I’ve been watching some episodes of Morgan Freeman’s Through the Wormhole, the recent Science Channel sop to the masses to explain what scientists are thinking. I always appreciate when scientists (and other specialists) are willing to abandon argot and talk to the rest of us in plainspeak. Even if the implications are a little scary. The episodes I watched this weekend shared a near determinism. The physicists interviewed stopped shy of saying that all is ordained by the rules of science, but the implications still rang loudly in my ears. This concept is at home in the church.
Back as a college student attending a Presbyterian school (I have never ascribed to this particular flavor of Christian thought), I first chanced upon predestination. In fact, the subject was well nigh unavoidable. Students of all majors and backgrounds ended up discussing it around dinner tables as well as in the classroom. The instigator, instead of physics, was John Calvin. His theology suggested that mere mortals had no say in their destinies; God created some to be saved, the rest to be damned, fairness be confounded. I sat through many classes where the professors would argue with erudite words that all this had been foreordained. Some, “double predestinarians,” went as far as to argue that every firing of every synapse, every motion of every muscle, had been predetermined by God before the creation of the world. When I asked “why?” I was told that God has his (always “his”) reasons, and that I, a non-Presbyterian, should simply accept my fate.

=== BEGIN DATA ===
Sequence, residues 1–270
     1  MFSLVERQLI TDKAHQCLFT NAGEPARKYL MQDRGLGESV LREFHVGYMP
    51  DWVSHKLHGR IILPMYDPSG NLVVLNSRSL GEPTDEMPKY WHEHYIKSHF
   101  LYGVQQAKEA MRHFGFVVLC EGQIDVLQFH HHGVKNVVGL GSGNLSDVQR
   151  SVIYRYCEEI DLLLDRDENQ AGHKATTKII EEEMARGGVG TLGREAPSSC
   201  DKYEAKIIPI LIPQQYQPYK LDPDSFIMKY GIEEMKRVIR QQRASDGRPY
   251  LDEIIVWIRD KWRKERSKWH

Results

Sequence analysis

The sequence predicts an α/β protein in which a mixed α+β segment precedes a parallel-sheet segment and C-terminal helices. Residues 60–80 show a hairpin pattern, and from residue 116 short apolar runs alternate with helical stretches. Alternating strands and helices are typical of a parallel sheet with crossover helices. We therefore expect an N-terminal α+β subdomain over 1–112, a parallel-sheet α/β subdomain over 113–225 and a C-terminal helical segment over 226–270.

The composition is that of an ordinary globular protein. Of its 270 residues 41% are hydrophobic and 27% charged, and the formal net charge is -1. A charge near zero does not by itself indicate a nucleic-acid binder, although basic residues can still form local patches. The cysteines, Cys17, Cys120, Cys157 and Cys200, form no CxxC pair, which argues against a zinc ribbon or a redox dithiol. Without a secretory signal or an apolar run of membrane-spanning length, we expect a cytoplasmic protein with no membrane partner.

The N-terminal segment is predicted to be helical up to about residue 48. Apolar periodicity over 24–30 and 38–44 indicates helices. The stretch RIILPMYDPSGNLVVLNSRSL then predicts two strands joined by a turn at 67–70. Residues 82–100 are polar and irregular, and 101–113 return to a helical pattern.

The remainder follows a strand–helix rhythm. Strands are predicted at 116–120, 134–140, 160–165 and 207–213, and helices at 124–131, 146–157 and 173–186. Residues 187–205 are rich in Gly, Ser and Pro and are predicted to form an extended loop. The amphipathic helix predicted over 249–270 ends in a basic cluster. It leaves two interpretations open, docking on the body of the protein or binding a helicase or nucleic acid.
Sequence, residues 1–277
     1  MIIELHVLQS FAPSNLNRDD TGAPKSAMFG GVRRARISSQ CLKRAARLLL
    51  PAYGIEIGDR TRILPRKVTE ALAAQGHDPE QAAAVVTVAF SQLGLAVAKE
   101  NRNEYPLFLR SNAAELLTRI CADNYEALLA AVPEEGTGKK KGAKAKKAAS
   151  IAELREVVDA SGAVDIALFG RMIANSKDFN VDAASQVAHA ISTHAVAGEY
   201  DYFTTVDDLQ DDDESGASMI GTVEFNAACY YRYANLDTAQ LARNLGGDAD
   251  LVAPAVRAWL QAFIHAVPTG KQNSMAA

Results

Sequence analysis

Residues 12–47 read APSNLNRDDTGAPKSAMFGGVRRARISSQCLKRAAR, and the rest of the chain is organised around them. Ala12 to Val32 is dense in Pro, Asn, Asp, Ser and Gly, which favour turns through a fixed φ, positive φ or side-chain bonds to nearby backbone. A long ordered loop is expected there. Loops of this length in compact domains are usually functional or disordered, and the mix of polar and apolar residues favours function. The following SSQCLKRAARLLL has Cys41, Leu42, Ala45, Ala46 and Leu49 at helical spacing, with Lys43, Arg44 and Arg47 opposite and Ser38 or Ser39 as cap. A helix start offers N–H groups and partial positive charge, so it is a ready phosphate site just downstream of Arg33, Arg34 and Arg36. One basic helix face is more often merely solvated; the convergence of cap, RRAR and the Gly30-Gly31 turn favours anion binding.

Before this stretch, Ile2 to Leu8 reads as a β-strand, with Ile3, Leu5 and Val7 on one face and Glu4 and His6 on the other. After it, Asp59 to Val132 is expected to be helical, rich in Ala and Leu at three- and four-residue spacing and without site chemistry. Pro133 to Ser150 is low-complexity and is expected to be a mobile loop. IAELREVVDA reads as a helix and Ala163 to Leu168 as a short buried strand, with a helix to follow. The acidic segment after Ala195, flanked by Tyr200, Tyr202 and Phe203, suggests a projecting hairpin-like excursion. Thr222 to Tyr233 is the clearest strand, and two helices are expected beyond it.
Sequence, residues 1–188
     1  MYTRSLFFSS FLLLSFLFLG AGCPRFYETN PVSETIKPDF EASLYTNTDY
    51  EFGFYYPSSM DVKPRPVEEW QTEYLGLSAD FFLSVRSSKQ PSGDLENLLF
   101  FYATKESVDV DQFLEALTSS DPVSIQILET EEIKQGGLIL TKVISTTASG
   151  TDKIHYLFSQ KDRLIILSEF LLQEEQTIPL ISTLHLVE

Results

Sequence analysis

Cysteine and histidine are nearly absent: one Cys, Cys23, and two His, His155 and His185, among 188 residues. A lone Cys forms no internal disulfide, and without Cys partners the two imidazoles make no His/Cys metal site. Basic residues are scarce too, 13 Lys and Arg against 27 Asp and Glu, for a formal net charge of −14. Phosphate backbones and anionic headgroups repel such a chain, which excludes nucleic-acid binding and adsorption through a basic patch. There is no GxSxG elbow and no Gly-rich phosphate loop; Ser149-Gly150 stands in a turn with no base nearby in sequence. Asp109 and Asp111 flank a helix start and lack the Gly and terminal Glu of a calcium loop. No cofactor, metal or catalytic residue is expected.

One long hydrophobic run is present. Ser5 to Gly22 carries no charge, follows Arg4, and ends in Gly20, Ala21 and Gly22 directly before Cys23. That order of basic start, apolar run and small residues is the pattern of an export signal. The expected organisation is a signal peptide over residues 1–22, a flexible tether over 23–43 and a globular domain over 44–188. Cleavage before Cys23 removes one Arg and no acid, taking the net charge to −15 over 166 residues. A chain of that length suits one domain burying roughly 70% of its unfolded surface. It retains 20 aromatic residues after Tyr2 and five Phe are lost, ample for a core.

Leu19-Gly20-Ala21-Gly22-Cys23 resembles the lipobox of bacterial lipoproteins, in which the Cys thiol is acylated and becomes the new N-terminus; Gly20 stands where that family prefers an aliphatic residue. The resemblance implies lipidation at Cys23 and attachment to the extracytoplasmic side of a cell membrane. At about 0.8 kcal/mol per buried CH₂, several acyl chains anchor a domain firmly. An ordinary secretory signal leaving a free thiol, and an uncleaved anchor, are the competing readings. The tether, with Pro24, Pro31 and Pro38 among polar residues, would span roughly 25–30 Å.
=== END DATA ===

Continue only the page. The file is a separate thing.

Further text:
Four years of wrangling and no one managed to convince the opposite party. One of my more intelligent professors once told me after class, “you free-willers always win on philosophical grounds, but we predestinarians always win on scriptural grounds.” He seemed to think that solved it. Perhaps he was predestined to conclude that. I disagreed. No greater monster could exist than a deity who predestined the horror we’ve created in our world. To see all this human suffering, much of it pointless, and simply shrug and say “God has his reasons,” is to implicate the creator in a cosmic Nuremberg. For me, I’d feel safer with the physicists saying it is all a matter of unfeeling cosmic laws. Perhaps I’m predestined to write this, but I still think they’re all wrong.